Thursday, July 26, 2018

So You Think Yourself a Progressive.

From what I've seen, there are many Canadians who consider themselves progressives by virtue of being somewhat to the left of the Conservatives. It's almost a default laurel. You earn the merit badge not for what you are but for what you are not.

This opening paragraph from an article in The New Republic nails it.

What is the opposite of sex? This is a question that admits of no answer, a kind of Zen koan that brings the reflecting mind to a standstill. So, what if we apply the question to “progressivism,” so-called: Is there an opposite to that? Answer: not if the question refers to the vague, amorphous, undefined progressivism of today. There can be no antonym for a term that is lexically meaningless.
Is the modern Liberal Party progressive? No, it's not. It does not embrace any code of progressive principles. Its progressive instincts, fleeting as they are, are at best gestural. Progressivism is just that - a code of principles. Many of them are embodied in Teddy Roosevelt's Square Deal speech of 1910.  Roosevelt didn't formulate these principles. They far predated him. Yet laid out in this address is a template for progressive governance. Read it and then ask yourself if you wouldn't prefer to have a progressive government today.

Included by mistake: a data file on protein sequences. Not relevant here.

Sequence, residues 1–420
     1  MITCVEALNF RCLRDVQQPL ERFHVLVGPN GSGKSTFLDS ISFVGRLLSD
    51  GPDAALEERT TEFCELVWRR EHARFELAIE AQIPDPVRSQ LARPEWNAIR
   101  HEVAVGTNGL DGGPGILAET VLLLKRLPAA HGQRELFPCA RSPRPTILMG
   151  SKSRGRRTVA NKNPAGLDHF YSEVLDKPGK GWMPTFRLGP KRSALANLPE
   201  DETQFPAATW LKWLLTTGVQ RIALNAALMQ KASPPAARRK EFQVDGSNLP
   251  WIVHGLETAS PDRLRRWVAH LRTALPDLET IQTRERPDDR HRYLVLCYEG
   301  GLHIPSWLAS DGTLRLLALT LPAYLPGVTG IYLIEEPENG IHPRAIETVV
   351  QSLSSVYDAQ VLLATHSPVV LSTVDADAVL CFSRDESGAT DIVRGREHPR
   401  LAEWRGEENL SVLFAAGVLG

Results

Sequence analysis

[House Speaker]  Paul Ryan ...told Glenn Beck in 2010 that a major goal of his was to “indict the entire vision of progressivism.” He labeled progressivism a “cancer” and identified it as “the intellectual source for the big government problems that are plaguing us today.” The first progressives, he argued, detached “people from the Constitution and founding principles to pave the way for the centralized bureaucratic welfare state,” which in turn fostered “a culture of dependency on the government, not on oneself.”